Broad Construction has been accused of sending small North West contractors to the wall amid accusations of mismanagement of the construction of a recreation centre, part of Rio Tinto's $200 million refurbishment of the Pilbara town of Wickham.
At least three subcontractors have gone to the wall during the construction of the Wickham building, being built as a mess hall and recreation centre for fly-in, fly-out workers at Rio Tinto's Dampier operations.
They blame Broad, which is managing the estimated $40 million job, saying the Leighton Holdings subsidiary had disputed invoices even after project engineers and Broad's own supervisors had signed off on them.
Originally due to be completed in March, the recreation centre is six months behind schedule and subcontractors say they believe Broad is withholding payments to avoid booking a loss on the job.
One landscaping and construction contractor told _WestBusiness _ he was forced to declare bankruptcy after a $386,000 invoice he submitted turned into a $166,000 bill from Broad, because of disputed back charges.
Johnny Meo, who ran his business as a sole trader, said he had been paid about $415,000 of a contract initially worth about $1 million.
Even after calling in lawyers and accepting a $160,000 cut to the contract value, Mr Meo claims Broad refused to pay his final accounts and instead presented him with a bill for $166,000 after stripping almost $592,000 from the value of work done in back charges.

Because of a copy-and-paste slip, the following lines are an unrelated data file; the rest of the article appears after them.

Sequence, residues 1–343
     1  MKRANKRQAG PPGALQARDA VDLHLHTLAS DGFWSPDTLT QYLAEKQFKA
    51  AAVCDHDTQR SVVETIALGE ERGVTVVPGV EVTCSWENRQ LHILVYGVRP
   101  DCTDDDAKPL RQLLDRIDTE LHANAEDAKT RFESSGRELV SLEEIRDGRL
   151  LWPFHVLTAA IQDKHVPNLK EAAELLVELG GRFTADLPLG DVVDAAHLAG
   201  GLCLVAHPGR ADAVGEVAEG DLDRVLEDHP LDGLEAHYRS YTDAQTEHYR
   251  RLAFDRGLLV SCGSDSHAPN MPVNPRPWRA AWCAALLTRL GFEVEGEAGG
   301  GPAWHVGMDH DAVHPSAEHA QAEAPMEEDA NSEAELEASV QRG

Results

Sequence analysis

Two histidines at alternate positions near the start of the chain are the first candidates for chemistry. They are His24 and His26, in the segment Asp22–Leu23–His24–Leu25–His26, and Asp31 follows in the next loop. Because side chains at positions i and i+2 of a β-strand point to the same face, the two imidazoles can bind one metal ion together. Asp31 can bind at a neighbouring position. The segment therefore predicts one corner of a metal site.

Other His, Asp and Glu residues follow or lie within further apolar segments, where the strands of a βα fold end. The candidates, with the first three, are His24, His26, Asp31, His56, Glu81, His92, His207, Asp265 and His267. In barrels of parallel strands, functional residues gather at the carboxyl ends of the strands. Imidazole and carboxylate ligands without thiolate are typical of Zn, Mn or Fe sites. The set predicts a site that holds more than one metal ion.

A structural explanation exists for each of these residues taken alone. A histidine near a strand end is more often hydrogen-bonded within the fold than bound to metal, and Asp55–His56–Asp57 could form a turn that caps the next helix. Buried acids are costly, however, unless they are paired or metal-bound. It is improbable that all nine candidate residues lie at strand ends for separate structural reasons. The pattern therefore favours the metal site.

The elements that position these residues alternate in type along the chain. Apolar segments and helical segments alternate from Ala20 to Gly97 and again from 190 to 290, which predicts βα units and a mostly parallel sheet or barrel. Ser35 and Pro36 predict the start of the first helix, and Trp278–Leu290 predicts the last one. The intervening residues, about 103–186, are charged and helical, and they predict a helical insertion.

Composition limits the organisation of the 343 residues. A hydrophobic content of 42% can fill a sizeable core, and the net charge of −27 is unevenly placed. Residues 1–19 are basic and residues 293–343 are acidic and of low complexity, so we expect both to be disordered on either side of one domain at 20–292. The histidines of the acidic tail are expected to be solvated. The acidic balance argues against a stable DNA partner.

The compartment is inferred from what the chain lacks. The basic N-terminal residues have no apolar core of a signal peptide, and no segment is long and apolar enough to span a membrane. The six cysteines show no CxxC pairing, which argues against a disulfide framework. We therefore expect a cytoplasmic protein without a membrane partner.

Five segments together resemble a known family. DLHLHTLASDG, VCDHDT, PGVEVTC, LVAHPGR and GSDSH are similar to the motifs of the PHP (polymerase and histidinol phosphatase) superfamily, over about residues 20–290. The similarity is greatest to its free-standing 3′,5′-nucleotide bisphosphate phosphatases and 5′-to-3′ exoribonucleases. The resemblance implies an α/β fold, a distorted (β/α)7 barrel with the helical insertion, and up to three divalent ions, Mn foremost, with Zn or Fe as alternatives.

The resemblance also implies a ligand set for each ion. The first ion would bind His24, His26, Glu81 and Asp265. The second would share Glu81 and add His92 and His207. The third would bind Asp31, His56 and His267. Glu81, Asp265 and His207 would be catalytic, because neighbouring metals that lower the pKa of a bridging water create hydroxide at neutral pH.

Mr Meo said he still owed creditors at least $400,000 for work at Wickham but had run out of money to fight the matter in court and now risked losing his house.
He said the biggest single back charge from Broad, $262,000 for allegedly faulty work on the building's slab, was delivered after project engineers had signed off on the work.
"What Broad has done is mismanage the job completely, and then try and make their subbies pay," he said.
"Broad has run my business into the ground."
It is understood at least two other companies, the plumbing and the electrical contractors, called in administrators during construction.
_WestBusiness _ spoke to other subcontractors who said they were owed hundreds of thousands of dollars.
Mr Meo said because the work was being performed for Rio, the giant should intervene.
A Rio spokesman said the company was aware of the situation and hoped the parties could work together to resolve the issues.
A Broad spokeswoman said the company treated "all subcontractors with respect" and delays were in line with the client's changes to scope of the work."Broad is continuing to work with all subcontractors to finalise their accounts appropriately and promptly," she said.